Biotronik is striking back after articles appearing in the New York Times questioned payments the company made to Nevada doctors. After these reports appeared, state officials began looking into whether the payments were inappropriate.
In his original piece, Barry Meier points out that Biotronik, which is relatively unknown, "has cornered the market on pacemakers and defibrillators at the University Medical Center of Southern Nevada." In fact, he reports, 250 of the 263 patients--or 95 percent--who had a heart device implanted at the hospital center last year got one made by the company. Biotronik had hired several cardiologists in mid-2008 from the hospital as consultants, Meier says. Company documents indicate these doctors received as much as $5,000 a month.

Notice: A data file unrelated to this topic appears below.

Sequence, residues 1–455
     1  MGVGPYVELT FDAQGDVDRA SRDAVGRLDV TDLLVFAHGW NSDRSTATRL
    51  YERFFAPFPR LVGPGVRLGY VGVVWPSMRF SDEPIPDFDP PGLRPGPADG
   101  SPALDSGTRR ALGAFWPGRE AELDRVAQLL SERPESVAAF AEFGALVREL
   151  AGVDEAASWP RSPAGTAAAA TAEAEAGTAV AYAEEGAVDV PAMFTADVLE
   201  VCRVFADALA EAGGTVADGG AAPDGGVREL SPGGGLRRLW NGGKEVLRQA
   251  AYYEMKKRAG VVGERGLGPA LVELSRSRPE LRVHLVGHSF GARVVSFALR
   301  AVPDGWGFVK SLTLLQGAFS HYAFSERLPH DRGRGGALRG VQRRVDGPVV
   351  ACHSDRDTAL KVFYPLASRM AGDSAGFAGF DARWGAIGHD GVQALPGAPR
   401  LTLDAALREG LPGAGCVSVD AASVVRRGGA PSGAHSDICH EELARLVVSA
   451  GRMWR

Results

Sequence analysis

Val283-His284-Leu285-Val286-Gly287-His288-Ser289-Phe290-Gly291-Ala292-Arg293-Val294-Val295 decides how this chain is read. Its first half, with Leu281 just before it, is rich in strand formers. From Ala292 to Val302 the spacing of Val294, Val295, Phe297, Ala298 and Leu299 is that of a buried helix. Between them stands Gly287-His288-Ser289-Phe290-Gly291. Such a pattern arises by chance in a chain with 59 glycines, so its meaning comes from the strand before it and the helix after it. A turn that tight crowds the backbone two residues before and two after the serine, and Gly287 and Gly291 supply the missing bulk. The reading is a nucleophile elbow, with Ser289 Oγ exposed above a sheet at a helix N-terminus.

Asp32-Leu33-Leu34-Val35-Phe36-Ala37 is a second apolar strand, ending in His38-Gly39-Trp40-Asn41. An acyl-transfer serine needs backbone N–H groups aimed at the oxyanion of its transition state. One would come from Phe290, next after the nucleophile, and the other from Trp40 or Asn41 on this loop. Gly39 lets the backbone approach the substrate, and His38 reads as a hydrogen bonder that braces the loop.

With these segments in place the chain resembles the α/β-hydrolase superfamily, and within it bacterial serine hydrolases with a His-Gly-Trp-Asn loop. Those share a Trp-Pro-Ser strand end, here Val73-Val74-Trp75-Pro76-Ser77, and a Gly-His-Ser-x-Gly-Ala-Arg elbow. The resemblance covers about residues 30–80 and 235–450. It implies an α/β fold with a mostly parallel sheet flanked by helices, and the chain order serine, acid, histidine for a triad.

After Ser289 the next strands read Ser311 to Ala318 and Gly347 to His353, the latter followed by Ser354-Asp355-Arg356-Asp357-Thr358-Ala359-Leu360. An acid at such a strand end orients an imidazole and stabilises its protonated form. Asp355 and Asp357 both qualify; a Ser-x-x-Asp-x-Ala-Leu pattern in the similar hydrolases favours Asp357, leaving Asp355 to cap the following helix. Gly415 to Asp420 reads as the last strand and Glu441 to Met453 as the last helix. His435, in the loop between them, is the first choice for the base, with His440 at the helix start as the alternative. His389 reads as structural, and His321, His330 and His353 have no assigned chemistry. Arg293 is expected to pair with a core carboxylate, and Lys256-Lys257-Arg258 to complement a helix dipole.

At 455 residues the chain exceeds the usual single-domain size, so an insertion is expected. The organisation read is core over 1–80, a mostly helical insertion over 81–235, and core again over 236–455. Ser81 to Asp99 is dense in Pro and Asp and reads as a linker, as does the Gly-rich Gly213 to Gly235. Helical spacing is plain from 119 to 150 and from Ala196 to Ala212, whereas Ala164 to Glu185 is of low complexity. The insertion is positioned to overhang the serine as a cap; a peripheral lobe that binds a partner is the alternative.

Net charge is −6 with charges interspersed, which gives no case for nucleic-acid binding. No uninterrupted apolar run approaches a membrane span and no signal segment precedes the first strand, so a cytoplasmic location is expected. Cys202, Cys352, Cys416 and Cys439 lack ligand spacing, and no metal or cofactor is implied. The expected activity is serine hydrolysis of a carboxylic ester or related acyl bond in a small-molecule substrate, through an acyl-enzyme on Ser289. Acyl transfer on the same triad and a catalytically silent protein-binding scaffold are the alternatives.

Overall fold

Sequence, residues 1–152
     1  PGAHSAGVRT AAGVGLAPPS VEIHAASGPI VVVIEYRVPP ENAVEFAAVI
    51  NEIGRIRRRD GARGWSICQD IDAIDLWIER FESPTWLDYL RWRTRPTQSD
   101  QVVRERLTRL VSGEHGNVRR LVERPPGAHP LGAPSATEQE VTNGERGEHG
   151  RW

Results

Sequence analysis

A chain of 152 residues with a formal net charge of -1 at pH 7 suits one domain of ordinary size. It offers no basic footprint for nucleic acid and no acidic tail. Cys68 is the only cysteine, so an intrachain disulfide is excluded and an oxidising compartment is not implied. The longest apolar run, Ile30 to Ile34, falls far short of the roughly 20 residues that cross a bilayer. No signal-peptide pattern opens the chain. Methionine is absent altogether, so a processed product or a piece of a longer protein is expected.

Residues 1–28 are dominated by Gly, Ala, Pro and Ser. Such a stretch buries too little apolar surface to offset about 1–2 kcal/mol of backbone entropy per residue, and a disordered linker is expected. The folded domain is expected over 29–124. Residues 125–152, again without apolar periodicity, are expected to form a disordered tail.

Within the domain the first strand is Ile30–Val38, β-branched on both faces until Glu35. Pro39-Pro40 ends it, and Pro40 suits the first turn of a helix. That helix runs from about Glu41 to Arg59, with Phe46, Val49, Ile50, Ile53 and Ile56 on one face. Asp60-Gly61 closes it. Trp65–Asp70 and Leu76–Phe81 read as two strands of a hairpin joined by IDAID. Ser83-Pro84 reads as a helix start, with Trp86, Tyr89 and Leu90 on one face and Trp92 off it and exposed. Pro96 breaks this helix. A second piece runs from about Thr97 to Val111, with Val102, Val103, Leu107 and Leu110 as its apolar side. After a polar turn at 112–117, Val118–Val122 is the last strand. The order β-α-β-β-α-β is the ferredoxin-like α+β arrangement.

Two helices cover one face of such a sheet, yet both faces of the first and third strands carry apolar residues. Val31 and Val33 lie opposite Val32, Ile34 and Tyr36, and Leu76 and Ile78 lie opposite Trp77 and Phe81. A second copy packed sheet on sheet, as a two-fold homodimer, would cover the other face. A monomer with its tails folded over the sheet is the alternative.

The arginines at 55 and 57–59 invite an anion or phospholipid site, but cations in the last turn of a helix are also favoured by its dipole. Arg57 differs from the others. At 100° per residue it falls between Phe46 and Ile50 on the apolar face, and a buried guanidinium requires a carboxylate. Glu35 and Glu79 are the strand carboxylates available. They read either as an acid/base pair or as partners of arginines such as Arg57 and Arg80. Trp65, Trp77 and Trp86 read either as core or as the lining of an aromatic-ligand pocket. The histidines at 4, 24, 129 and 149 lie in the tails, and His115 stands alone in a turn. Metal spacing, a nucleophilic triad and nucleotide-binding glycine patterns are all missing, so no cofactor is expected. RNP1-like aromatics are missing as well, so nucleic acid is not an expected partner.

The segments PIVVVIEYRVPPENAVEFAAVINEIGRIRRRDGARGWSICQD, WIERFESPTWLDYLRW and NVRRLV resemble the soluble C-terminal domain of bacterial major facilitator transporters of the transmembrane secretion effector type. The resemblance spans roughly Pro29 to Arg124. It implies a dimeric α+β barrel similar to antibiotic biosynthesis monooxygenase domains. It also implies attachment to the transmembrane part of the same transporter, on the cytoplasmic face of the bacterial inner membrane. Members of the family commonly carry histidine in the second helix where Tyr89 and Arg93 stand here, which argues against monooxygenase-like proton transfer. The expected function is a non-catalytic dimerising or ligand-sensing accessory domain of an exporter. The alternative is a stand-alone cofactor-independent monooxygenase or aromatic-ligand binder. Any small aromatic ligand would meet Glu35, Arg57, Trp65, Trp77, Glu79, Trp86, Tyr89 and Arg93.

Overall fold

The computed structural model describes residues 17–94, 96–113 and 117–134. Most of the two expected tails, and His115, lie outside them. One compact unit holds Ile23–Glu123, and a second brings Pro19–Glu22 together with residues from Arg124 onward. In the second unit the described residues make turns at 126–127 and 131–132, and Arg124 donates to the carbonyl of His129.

The devicemaker says in a defiant statement that it had "well-documented exchanges of information" with the NYT for the 73 days prior to publication, and the two parties had discussed the subject "no less than a dozen times." But even though Biotronik says it provided the paper information making it clear it had done nothing unethical or illegal, "the newspaper chose to ignore these facts," instead electing to challenge "the integrity of highly trained physicians who have spent a lifetime treating patients with potentially deadly heart arrhythmias and pacing issues."
Biotronik also comes to the defense of the University Medical Center of Southern Nevada, saying it had been treated unfairly by the paper.
- get the Biotronik statement *
- see an opinion piece by columnist Steve Sebelius
* Press release updated.